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Science Forum

Science Forum

  1. 25 Jul '08 19:19
    Growing old may not be mandatory after all. Failing eyesight, loosened teeth and greying hair could be driven by regulatory genes that determine when it is time to shuffle off our mortal coil, rather than being indicators of the ravages of age:

    http://www.independent.co.uk/life-style/health-and-wellbeing/health-news/how-one-day-we-may-all-be-eternally-young-876789.html

    Assuming scientists can find the regulatory genes and shut them off, thus prolonging human life by an extra 100, 200 or more years, would this be a good thing? Would you do it?

    Also, if one of the alternative theories about prolonging human life were true, namely, regulating your sex life, would you give up having sex for an extra 30 years?
  2. Standard member sonhouse
    Fast and Curious
    25 Jul '08 19:46 / 1 edit
    Originally posted by der schwarze Ritter
    Growing old may not be mandatory after all. Failing eyesight, loosened teeth and greying hair could be driven by regulatory genes that determine when it is time to shuffle off our mortal coil, rather than being indicators of the ravages of age:

    http://www.independent.co.uk/life-style/health-and-wellbeing/health-news/how-one-day-we-may-all-be-e ...[text shortened]... were true, namely, regulating your sex life, would you give up having sex for an extra 30 years?
    What if I could give up half my sex life for 15 extra years?
  3. 25 Jul '08 20:11
    Originally posted by sonhouse
    What if I could give up half my sex life for 15 extra years?
    I'm guessing that for a lot of chess players or comic book geeks, that would be quite the bargain!
  4. Subscriber AThousandYoung
    Do ya think?
    26 Jul '08 03:14
    Originally posted by der schwarze Ritter
    Growing old may not be mandatory after all. Failing eyesight, loosened teeth and greying hair could be driven by regulatory genes that determine when it is time to shuffle off our mortal coil, rather than being indicators of the ravages of age:

    http://www.independent.co.uk/life-style/health-and-wellbeing/health-news/how-one-day-we-may-all-be-e ...[text shortened]... were true, namely, regulating your sex life, would you give up having sex for an extra 30 years?
    My friend has devoted his life to this sort of research. He says the FDA (I think) slows everything down unnecessarily by making it too hard to get the treatments out there.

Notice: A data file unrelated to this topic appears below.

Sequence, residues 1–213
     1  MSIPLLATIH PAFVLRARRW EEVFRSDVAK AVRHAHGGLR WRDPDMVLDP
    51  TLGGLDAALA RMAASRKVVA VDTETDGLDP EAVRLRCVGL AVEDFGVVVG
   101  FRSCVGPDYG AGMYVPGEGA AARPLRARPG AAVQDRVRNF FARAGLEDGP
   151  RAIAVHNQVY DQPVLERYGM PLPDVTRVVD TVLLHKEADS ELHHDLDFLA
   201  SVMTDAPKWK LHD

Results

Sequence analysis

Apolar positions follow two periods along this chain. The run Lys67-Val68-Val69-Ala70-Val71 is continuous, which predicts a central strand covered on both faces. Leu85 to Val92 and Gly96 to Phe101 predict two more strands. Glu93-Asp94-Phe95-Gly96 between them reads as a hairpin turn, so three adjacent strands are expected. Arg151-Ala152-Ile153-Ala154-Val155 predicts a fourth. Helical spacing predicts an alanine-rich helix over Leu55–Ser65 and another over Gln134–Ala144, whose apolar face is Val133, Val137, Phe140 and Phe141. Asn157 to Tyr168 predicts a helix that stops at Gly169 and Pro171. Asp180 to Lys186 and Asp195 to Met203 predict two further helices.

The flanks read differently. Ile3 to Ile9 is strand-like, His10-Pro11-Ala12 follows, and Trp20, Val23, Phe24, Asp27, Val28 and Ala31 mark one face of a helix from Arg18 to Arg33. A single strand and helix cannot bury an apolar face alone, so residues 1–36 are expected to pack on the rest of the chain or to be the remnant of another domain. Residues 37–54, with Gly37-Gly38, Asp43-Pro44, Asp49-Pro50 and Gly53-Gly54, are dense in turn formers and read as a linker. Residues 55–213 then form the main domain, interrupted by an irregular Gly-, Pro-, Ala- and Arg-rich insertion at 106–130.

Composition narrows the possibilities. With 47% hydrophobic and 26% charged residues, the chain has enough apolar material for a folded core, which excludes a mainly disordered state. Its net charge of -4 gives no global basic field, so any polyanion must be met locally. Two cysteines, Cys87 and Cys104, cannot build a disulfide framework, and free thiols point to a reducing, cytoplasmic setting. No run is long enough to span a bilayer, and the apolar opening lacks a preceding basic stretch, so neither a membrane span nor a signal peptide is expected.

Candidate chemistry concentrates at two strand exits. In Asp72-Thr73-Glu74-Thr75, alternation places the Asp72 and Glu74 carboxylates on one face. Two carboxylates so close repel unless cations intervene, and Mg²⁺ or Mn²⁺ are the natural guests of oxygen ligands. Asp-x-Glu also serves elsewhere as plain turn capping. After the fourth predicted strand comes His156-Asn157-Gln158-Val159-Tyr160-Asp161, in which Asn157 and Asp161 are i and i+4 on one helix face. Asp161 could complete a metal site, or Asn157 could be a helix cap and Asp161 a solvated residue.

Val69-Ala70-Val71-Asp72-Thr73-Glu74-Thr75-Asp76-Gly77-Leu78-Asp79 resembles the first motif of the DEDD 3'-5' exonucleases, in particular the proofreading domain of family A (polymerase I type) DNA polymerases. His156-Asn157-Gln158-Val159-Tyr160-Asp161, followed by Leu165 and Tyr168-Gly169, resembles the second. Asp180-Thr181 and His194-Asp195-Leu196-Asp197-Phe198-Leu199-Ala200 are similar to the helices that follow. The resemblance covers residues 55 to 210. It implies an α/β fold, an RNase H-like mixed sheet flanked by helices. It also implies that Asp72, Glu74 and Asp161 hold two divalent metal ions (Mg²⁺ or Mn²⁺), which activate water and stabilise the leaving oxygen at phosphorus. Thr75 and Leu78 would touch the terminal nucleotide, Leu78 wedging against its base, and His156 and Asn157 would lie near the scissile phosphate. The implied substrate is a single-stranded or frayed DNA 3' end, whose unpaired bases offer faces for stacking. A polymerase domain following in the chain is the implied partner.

5. 26 Jul '08 03:47
    Originally posted by der schwarze Ritter
    Growing old may not be mandatory after all. Failing eyesight, loosened teeth and greying hair could be driven by regulatory genes that determine when it is time to shuffle off our mortal coil, rather than being indicators of the ravages of age:

    http://www.independent.co.uk/life-style/health-and-wellbeing/health-news/how-one-day-we-may-all-be-e ...[text shortened]... were true, namely, regulating your sex life, would you give up having sex for an extra 30 years?
    I was just discussing this with a friend today--he's a minister and we went to see the X-Files movie; we both agreed that if the technology was there so that we wouldn't "break down" and become vegetables, we'd be first in line for the inoculations that would bring on immortality.
  6. 26 Jul '08 07:29 / 1 edit
    Originally posted by PinkFloyd
    I was just discussing this with a friend today--he's a minister and we went to see the X-Files movie; we both agreed that if the technology was there so that we wouldn't "break down" and become vegetables, we'd be first in line for the inoculations that would bring on immortality.
    You can never beat nature..
    Nature does continuous regeneration and continuous creation.
    Even life-long celibates do have to die ..sooner or later..
  7. 26 Jul '08 10:00
    Originally posted by AThousandYoung
    My friend has devoted his life to this sort of research. He says the FDA (I think) slows everything down unnecessarily by making it too hard to get the treatments out there.
    I agree. Henry L. Miller, a senior fellow at the Hoover Institute writes about this subject quite a bit. His main gripe is that because the FDA wants to be absolutely sure no one will be injured by the side effects of a drug, millions are denied the opportunity to be effectively treated.
  8. 26 Jul '08 10:03
    Originally posted by PinkFloyd
    I was just discussing this with a friend today--he's a minister and we went to see the X-Files movie; we both agreed that if the technology was there so that we wouldn't "break down" and become vegetables, we'd be first in line for the inoculations that would bring on immortality.
    That's assuming you could afford it. I'm sure that if they developed a treatment that staved off death, some Elmer Gantry-type without the conscience, a la Al Gore, would come along and tell you not to use it. Meanwhile, all the rich, evil geezers would have access to it.
  9. Standard member Bosse de Nage
    Zellulärer Automat
    26 Jul '08 10:24
    Originally posted by der schwarze Ritter
    That's assuming you could afford it. I'm sure that if they developed a treatment that staved off death, some Elmer Gantry-type without the conscience, a la Al Gore, would come along and tell you not to use it. Meanwhile, all the rich, evil geezers would have access to it.
    Just how imagine how delightful an immortal Mugabe would be.
  10. Standard member sonhouse
    Fast and Curious
    26 Jul '08 21:09
    Originally posted by der schwarze Ritter
    I'm guessing that for a lot of chess players or comic book geeks, that would be quite the bargain!
    You can go in but you can't go out....Ok, you get 15 more years.....